A fundamental element of a successful Credit Hire claim is to establish the need for a replacement vehicle, which ties in with the common Law duty to mitigate losses.
If a claimant’s own vehicle is deemed unroadworthy or not fit for use, as a result of an accident, the claimant is entitled to a like for like replacement vehicle on credit. (Subject to the proof of other elements such as impecuniosity, etc.)
However, this is not an axiomatic right and the need for such a replacement vehicle has to be proved on a balance of probabilities in a court.
For example: The claimant is a PCO/taxi driver and his vehicle is deemed unroadworthy, the claimant is; loosely speaking entitled to a credit hire vehicle to continue to ply his trade.
Similarly in another example, the claimant is a teacher who uses his car to drive to work and to drop his kids to school. Following an accident his vehicle is unroadworthy and yet again, in general terms he is entitled to a credit hire vehicle for social domestic, pleasure and commuting purposes.
The claimant must prove his need to hire a replacement vehicle and although the burden will usually be easy to satisfy, the need for a hire car is not self-proving: Giles v Thompson  1 AC 142 per Lord Mustill at 167.
As such in order to establish a successful claim for Credit Hire the claimant has to establish that he had an actual and genuine need for a replacement vehicle.
The element of need is not a self-proving element which needs to be proved by evidence which in turn means the claimant has an evidentiary burden which he needs to satisfy in order to succeed with his claim for Credit Hire.
The claimant must prove his need to hire a replacement vehicle, although the burden will usually be easy to satisfy. The need for a hire car is not self-proving (ie: not axiomatic); Giles v Thompson  1 AC 142 per Lord Mustill at 167.
This principle finds its foundation in the common law principle of Duty to mitigate losses; meaning that a victim of a tort should only keep his expenses to reasonable minimum and what would be deemed fair and reasonably by a Court of law.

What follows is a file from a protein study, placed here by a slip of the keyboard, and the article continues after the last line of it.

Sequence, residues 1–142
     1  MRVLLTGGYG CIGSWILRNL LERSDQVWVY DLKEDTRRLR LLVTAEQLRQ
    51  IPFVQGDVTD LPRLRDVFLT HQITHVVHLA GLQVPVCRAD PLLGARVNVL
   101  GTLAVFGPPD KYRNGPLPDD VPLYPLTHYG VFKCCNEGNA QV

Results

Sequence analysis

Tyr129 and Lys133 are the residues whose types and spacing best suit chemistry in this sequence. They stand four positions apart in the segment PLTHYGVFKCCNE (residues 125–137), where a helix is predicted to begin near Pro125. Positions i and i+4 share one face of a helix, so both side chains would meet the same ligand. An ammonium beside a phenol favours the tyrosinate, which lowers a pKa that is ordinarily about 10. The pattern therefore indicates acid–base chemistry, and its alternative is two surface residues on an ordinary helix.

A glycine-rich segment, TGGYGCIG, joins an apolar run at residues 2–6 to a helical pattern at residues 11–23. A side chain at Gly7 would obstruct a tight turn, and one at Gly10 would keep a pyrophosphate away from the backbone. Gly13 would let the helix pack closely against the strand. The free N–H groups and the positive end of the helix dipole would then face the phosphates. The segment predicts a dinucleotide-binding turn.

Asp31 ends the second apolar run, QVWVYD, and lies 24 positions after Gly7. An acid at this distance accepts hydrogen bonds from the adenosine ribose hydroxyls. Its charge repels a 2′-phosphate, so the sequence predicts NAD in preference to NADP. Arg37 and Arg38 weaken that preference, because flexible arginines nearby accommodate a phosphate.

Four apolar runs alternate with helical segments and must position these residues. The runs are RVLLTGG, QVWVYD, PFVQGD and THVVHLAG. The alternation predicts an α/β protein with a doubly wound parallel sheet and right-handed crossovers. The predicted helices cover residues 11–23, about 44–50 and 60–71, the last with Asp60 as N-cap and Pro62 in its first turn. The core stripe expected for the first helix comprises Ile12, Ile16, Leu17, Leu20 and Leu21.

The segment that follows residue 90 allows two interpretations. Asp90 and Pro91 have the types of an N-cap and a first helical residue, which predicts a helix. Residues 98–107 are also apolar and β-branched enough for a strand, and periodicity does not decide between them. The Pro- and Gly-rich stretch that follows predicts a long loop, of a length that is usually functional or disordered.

In Singh v Aqua Descaling Ltd 2008 Walsall CC; Judge Oliver-Jones QC; 12 June 2008.
Mr. Singh the claimant was an owner of a private taxi company and rented out taxi’s to self-employed Taxi drivers on a £35 per week fee basis. One of his cars on the fleet was involved in an accident. Mr. Singh provided the driver with a credit hire vehicle at £1300 per week.
Court held that, inter alia, that Mr. Singh did not drive the car himself and therefore had no need for a Credit Hire replacement vehicle. His correct course of action would be for a loss of profit claim.
This is similar to when a claimant has access to an additional vehicle – If a claimant involved in a collision has access to another vehicle, he should use his 2nd car as opposed to using a Credit Hire vehicle which is in keeping with this duty to mitigate losses.
Therefor it is vital to note that by virtue of the fact that a claimant has been involved in an accident does not ipso facto entitle him to a Credit Hire vehicle. Need has to be established and this need has to be a reasonable need. Seehra v Aviva Insurance 2010; Agheampong v Allied Manufacturing Ltd –  LTL 01.09.08
Impact of Coronavirus on Credit hire.
Amongst many industries already effected by the COVID-19 the Taxi industry has been severely affected.
Uber has recorded a 70% drop in work – https://www.theverge.com/2020/3/19/21186865/uber-rides-decline-coronavirus-seattle-sf-la-nyc.
As such, a Defendant insurer may well be within their right to refuse a Credit hire claim in its entirety, for a Taxi driver, on the basis that there was no need for a replacement vehicle, due to the lack of work at the present juncture of the Corona outbreak.
A court would be inclined to agree with this argument, as not having any work on account of the outbreak, but having a credit hire taxi, billing up between £110.29 + VAT to £250 + VAT per day, parked on your garage is not mitigating losses nor is there a need for such an excess.
The correct course of action should be a claim for loss of income.
This potential defence to credit hire is not limited to Taxi claims. In the above example, if the teacher is not commuting to work and the vehicle is needed only for a weekly shopping as allowed by the present government edict the correct course of action would be to use another means of transport ie: taxi or public transport and claim the incurred sum from the Defendant.
As such during this outbreak Credit Hire companies should exercise extreme caution and diligence in providing credit hire, as the sums claimed may not be recoverable at all.
However there is some light at the end of the tunnel in that, in a case of a taxi claim, if the Taxi driver retains detailed records (in the form of receipts, can office booking records or Uber Job list – just to list a few) of each and every job he takes on whilst utilising the credit hire vehicle and if such work shows a reasonable usage of the vehicle to generate a reasonable income, then and only then may establish need and in turn the credit hire maybe recoverable in full.
Please contact Lanka Rathnayake – Director at Freeman Harris Solicitors – Credit hire specialist for any further queries on credit hire.